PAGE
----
Monday, November 25, 2013

Day 286, November 25

We live in a society of shifting values and morals.  Some, even a few pastors and churches, say that's a good thing.  Guess what?  They're wrong.

Fashions change.  Hairstyles change.  Car styles change.  Lots of things do and should change.  But true values and morals remain the same.  When people say, "It's a time of moral flux," I wonder if they are trying to excuse letting go of important values and to make sin seem right.

So, for today, I am grateful for those who hold fast to their values.

Saturday, November 23, 2013

Day 285, November 24

A couple of weeks ago Larry and I bought tile for our kitchen remodeling.  When we got home, Larry discovered that the cashier had charged us for only 30 tiles rather than the 32 which we had bought.  There was no question that Larry would take the receipt back to the store and explain that we owed another $20.00.

It was a small amount, perhaps not important to the store (one of a large chain), but it was important for us to know that we were honest.  We've had similar experiences in the past, returning to a store to "make things right."  Occasionally clerks or cashiers will give us odd looks; occasionally, one will say, "Good karma," as this one said to Larry.

So, for today, I am grateful for an honorable husband.

Day 284, November 23

For the Christian, every tragedy is ultimately a blessing, or God is a liar.
R.C. Sproul

Do you remember the book that was out a number of years ago, WHEN BAD THINGS HAPPEN TO GOOD PEOPLE?  The title always intrigued me.  Why DO bad things happen to good people? Why don't bad things happen to bad people, I complained to my long-suffering spouse on  more than one occasion.

"The Lord will make everything right in the end," he told me.  

"I don't want it to be right in the end.  I want it to be right right now.  Why do good people have to suffer?"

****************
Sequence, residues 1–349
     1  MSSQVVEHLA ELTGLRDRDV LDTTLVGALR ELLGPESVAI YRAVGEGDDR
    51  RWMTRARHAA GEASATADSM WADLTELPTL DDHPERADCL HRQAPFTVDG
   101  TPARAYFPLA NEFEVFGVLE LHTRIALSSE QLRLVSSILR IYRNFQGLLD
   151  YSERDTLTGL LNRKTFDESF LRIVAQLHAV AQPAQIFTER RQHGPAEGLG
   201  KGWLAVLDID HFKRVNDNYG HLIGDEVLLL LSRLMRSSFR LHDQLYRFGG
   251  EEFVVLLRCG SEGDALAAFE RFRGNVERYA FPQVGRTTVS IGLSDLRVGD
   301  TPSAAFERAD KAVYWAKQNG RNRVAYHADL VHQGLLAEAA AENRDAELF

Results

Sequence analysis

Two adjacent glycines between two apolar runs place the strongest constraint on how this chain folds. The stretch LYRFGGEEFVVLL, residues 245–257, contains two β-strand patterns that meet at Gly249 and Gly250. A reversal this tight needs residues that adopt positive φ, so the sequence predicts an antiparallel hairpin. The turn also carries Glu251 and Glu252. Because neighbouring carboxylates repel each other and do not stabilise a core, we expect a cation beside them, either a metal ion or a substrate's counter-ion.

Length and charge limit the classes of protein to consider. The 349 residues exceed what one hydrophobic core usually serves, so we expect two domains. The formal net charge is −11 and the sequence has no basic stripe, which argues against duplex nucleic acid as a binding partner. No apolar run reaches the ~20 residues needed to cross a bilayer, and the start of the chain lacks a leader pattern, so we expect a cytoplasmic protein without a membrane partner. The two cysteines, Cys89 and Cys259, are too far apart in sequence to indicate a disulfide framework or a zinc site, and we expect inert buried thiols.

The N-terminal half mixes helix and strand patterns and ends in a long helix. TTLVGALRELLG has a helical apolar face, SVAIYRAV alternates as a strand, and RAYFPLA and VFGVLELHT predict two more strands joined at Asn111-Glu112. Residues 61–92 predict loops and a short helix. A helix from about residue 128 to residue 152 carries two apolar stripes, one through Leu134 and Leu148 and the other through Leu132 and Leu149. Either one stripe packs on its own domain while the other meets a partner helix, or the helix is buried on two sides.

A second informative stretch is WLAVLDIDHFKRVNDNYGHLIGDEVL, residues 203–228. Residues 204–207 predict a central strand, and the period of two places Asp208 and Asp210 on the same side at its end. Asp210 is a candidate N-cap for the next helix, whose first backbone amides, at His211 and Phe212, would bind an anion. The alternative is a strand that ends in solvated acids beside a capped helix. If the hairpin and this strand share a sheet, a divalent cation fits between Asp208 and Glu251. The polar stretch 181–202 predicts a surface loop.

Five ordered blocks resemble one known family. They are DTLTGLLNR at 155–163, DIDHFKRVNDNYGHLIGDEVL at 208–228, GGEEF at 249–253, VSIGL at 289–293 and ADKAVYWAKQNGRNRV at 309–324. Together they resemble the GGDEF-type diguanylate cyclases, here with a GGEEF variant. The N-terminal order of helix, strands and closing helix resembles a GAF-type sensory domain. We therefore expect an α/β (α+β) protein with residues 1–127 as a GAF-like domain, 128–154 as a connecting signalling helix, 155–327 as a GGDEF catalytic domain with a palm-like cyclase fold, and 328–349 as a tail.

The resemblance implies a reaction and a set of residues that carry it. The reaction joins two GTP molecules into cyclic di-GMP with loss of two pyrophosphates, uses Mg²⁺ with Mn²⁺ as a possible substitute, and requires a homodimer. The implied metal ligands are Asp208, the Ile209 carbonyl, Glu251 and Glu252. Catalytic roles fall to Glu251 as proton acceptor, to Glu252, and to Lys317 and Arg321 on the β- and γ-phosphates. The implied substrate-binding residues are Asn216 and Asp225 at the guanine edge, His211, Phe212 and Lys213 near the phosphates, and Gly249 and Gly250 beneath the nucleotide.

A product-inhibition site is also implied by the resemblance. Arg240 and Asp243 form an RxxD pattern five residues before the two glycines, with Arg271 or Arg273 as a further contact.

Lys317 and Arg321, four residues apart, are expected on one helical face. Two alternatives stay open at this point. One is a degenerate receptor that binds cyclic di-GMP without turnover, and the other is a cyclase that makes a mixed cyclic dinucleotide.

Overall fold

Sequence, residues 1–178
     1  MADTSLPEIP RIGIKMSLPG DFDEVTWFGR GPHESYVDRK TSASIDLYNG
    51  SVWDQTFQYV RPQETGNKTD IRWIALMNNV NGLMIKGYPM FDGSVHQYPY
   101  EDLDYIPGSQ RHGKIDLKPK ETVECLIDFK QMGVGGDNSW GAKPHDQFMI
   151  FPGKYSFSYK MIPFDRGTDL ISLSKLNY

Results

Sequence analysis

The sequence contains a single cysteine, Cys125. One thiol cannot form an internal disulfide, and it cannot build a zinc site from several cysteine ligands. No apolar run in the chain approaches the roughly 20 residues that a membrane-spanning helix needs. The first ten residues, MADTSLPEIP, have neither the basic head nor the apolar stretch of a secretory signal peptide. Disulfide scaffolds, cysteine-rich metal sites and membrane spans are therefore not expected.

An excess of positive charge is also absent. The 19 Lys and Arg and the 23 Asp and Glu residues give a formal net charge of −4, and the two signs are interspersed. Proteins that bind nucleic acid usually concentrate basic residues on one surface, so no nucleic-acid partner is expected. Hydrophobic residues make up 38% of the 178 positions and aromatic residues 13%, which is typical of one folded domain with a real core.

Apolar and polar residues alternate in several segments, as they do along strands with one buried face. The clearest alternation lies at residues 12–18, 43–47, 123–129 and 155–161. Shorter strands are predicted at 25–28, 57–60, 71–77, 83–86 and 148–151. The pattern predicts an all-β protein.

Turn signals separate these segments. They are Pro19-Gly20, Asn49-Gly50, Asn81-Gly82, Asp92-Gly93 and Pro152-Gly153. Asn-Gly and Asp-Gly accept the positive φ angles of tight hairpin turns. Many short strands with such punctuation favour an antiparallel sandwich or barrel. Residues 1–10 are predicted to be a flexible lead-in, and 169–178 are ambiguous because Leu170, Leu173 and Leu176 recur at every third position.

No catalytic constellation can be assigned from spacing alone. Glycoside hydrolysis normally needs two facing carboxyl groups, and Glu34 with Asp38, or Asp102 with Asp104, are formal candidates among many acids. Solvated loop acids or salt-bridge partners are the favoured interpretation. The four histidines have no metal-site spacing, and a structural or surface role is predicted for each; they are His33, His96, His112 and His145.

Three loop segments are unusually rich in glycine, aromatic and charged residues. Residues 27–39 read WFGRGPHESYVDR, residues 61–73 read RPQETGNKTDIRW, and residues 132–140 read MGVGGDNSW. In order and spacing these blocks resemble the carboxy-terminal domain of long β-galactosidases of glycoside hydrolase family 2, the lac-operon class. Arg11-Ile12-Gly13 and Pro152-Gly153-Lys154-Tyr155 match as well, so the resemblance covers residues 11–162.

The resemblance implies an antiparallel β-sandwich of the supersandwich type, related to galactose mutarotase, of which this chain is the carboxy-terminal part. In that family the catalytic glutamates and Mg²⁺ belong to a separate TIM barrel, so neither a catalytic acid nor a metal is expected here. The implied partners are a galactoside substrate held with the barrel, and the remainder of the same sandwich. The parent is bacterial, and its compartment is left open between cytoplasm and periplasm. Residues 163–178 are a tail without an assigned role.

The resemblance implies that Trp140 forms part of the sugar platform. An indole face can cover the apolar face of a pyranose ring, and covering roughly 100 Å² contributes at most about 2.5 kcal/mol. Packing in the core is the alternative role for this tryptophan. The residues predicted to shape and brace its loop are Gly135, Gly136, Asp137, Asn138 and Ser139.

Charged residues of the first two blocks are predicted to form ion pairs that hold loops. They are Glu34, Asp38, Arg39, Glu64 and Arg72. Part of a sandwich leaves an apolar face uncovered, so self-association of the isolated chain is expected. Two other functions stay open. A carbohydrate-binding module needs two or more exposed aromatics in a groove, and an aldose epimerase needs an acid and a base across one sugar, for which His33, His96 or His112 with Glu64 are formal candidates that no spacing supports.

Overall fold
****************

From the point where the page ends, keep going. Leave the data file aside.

"Because the Lord knows the end from the beginning."

We've repeated variations of this conversation many times as I still grapple with the "whys" of life.  

So, for today, I am grateful the Lord who turns every tragedy into a blessing.

Friday, November 22, 2013

Day 283, November 22

We are finished up a long-awaited and much-needed kitchen remodel.   It looks fabulous.  (Or so I tell everyone to tell me when they see it.)

I joked to my sister that I needed a remodel as well.  A face-lift, chemical peel, tummy tuck, and a bunch of other things come to mind.  As I smiled (a bit wryly) over the list, I thought of a more important remodel that I should have done, this one on the inside.

Here's a partial list:

- Soften my heart toward those who have hurt me
- Still my tongue when it is tempted to gossip
- Blur my vision to other's faults

I could go on, but you get the idea.

So, for today, I am grateful for remodels.

Thursday, November 21, 2013

Day 282, November 21

§ “Two people are better off than one, for they can help each other succeed. 10 If one person falls, the other can reach out and help. But someone who falls alone is in real trouble.” (Ecclesiastes 4: 9-10)
This scripture reminds me of an incident 18 months ago.  A friend took me to physical therapy following my hip replacement.  When she brought me home and we opened the front door, my cat ran out.  As I was not to bend over, Marilyn, my friend, tried to catch Harley (the cat).   
She scrambled after Harley, then, with her arms full of a 15 pound cat, helped me up the stairs.   Together, with our arms around each other and Harley squirming in Marilyn's arms, we staggered up the steps.
Obviously the scripture refers to more than helping each other physically.  It means bearing each other's burdens, wiping away each other's tears, listening to each other with non-judgmental ears.
So, for today, I am grateful for those who "reach out and help."

Wednesday, November 20, 2013

Day 281, November 20

“Let us think of ways to motivate one another to acts of love and good works. And let us not neglect our meeting together, as some people do, but encourage one another.” (Hebrews 10:24-25)
A friend included this scripture in an email to me.  Though I've read it before, I had not found such meaning in it as I did upon this reading.  Didn't the Apostle Paul give wonderful counsel in these scant words?  In encouraging us to "motiate one another to acts of love and good works," he presents us with a pattern for friendship.  
Real friends want just that for each other, to help them do better, to  be better.  One of the best ways to do that is to pray for each other.